Deterring Democracy is Professor Noam Chomsky's cutting analysis of the 1980s, the decade that filmmaker Oliver Stone (in the film Wall Street) sarcastically wrote as being defined as, "Greed is good."
Though Chomsky's book looks at many aspects of post-World War II United States foreign policy, such as how Germany and Japan were reshaped to suit the needs of exporters, it's primary focus is on Central America. Chomsky chooses this geographic region for logical reasons: the U.S. has, through the centuries, marketed - branded, even - itself as being a fearless promoter of peace and justice; this has, in many ways, been its raison d'etre. Even today, the U.S.'s Manifest Destiny can still be seen in action in Afghanistan and Iraq. Throughout the 1980s, the U.S. had a relatively free hand in Central America (beyond the reach of the Soviet Union); therefore, how the U.S. acted in it's own 'backyard' when given carte blanche should be most instructive. Following the argument, if the U.S. actively promotes democracy, then countries like El Salvador and Honduras et al should have flowered into democratic paradises.
This did not happen. Using independent research, eyewitness testimony and the official internal planning record, Chomsky conclusively demonstrates that these countries became death-squad democracies, under U.S. tutelage. Tens, possibly hundreds of thousands of people were routinely tortured and executed, as government policy. Intimidation and brutality were common-place. Millions were displaced. The mainstream mass media colluded in surpressing these unpleasant facts from the U.S. public, whilst promoting an image of President Ronald Reagan as a great and fearless promoter of democracy, unafraid to stand up to the imperialist communist aggressors.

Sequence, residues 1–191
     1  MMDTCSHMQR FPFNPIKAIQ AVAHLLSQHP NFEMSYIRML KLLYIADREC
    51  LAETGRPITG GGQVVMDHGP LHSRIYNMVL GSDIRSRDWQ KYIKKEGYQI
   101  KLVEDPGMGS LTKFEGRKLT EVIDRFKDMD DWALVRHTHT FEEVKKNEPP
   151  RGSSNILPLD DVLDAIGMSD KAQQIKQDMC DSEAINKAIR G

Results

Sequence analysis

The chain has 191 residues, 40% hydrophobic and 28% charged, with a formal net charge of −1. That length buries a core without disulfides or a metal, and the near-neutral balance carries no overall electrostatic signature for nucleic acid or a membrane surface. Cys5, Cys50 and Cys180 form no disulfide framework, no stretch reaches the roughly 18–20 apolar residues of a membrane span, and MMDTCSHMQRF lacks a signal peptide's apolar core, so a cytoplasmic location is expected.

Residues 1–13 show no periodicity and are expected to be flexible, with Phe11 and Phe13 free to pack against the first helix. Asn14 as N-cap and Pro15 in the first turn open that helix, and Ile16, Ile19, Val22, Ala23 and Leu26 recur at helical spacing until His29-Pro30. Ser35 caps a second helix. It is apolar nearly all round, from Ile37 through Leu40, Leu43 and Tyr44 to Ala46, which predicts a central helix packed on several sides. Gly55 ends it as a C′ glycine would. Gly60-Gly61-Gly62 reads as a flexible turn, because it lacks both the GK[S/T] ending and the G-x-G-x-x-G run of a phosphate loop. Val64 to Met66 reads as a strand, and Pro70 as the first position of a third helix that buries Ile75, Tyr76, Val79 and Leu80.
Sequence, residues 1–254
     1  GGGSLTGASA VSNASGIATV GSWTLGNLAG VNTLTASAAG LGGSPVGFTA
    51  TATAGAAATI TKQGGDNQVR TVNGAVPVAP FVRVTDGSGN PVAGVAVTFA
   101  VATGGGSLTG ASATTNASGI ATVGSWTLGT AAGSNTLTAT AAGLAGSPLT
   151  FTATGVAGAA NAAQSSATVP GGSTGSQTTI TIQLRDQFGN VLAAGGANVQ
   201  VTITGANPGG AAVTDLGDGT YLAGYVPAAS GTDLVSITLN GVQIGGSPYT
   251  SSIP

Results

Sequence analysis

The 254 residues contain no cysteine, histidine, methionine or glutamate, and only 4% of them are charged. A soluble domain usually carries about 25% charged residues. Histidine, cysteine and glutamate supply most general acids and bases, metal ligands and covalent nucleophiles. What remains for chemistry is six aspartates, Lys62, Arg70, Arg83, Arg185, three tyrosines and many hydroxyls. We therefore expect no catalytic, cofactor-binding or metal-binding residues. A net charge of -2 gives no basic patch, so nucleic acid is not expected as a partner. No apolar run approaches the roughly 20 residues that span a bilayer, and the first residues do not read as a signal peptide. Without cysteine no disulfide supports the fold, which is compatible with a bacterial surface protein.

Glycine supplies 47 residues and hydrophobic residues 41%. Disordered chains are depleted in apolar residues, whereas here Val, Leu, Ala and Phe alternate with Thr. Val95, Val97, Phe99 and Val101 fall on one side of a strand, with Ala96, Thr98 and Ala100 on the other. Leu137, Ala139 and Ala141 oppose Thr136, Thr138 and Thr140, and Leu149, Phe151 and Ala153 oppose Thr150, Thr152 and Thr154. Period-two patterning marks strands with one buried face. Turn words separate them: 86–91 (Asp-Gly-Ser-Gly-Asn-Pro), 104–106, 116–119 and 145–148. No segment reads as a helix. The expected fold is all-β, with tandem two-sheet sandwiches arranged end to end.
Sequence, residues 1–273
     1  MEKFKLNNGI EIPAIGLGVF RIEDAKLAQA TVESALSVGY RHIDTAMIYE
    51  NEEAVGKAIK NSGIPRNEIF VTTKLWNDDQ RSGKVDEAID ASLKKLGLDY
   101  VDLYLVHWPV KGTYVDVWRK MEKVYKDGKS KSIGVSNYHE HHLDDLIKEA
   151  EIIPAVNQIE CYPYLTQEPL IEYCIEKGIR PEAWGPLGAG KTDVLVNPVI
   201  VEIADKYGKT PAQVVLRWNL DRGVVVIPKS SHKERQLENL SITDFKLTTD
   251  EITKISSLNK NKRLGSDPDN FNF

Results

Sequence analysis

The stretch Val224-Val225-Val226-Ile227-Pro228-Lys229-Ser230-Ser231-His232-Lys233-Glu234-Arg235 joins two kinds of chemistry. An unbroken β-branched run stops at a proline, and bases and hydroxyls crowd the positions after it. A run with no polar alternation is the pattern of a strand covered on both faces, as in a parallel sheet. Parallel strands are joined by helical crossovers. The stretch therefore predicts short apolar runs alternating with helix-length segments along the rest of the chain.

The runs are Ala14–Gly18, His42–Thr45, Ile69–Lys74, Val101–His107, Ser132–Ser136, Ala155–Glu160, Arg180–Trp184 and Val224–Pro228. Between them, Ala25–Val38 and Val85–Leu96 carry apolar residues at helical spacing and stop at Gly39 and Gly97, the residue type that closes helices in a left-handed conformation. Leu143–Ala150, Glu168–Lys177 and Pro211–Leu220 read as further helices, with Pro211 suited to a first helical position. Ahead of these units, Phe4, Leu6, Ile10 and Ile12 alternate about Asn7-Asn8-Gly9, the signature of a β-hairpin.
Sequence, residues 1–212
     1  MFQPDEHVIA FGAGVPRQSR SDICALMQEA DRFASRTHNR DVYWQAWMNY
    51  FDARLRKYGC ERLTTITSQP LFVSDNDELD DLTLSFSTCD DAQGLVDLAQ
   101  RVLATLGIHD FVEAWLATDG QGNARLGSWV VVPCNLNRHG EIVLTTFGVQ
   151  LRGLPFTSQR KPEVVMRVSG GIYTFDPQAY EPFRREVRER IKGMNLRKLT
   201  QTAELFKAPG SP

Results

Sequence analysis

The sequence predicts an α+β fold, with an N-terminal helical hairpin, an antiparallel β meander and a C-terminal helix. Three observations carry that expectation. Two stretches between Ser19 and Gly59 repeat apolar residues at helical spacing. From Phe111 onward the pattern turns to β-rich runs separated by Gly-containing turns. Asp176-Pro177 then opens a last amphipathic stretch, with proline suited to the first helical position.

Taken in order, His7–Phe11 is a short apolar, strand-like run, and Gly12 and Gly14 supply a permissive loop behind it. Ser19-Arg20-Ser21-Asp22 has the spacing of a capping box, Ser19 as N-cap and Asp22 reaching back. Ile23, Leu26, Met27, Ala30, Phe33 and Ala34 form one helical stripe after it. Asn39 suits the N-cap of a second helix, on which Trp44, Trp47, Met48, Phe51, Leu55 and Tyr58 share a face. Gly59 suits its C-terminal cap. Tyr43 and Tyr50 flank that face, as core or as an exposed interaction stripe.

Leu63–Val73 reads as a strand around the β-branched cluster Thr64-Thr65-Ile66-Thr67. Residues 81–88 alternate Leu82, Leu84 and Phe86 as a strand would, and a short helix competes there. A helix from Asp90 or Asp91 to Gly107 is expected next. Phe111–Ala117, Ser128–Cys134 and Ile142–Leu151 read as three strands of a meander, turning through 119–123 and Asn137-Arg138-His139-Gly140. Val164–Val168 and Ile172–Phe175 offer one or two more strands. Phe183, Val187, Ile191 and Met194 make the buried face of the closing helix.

Perhaps most revealing is the comparisson Chomsky draws betwixt how dissidents were treated in the Russian dominated Eastern European countries like Poland and how dissidents were treated in the U.S. dominated countries like Guatemala; and also, how the media portrayed the struggle for democracy against the Kremlin-backed thugs of Eastern Europe, compared to how the media portrayed the struggle against Washington-supported gangsters of Central America (the former were brave people to be celebrated and courted by the Whitehouse, the latter were assassinated or otherwise 'disappeared').
Written on the eve of the first Gulf War, Deterring Democracy also has a few chapters on the Middle East, Iraq and Israel/Palestine specifically.
More in-depth than Hegemony or Survival, easier to read than Year 501, Deterring Democracy covers pretty much all the bases you would expect, including a brief look at the media, adapted from his (and Edward Herman's) previous excellent book, Manufacturing Consent. Whilst this lacks the immediate contemporary relevance of Hegemony or Survival, Deterring Democracy might well stand the test of time of time better.